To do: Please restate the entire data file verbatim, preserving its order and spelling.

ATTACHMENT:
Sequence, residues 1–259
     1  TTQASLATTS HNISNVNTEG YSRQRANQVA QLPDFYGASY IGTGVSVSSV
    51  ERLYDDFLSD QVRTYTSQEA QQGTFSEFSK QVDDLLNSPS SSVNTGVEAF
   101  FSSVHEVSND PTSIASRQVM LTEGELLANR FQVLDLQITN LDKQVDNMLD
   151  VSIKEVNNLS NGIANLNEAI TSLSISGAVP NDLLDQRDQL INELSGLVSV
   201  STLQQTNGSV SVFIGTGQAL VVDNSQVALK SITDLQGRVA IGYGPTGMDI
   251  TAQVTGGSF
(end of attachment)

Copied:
Sequence, residues 1–259
     1  TTQASLATTS HNISNVNTEG YSRQRANQVA QLPDFYGASY IGTGVSVSSV
    51  ERLYDDFLSD QVRTYTSQEA QQGTFSEFSK QVDDLLNSPS SSVNTGVEAF
   101  FSSVHEVSND PTSIASRQVM LTEGELLANR FQVLDLQITN LDKQVDNMLD
   151  VSIKEVNNLS NGIANLNEAI TSLSISGAVP NDLLDQRDQL INELSGLVSV
   201  STLQQTNGSV SVFIGTGQAL VVDNSQVALK SITDLQGRVA IGYGPTGMDI
   251  TAQVTGGSF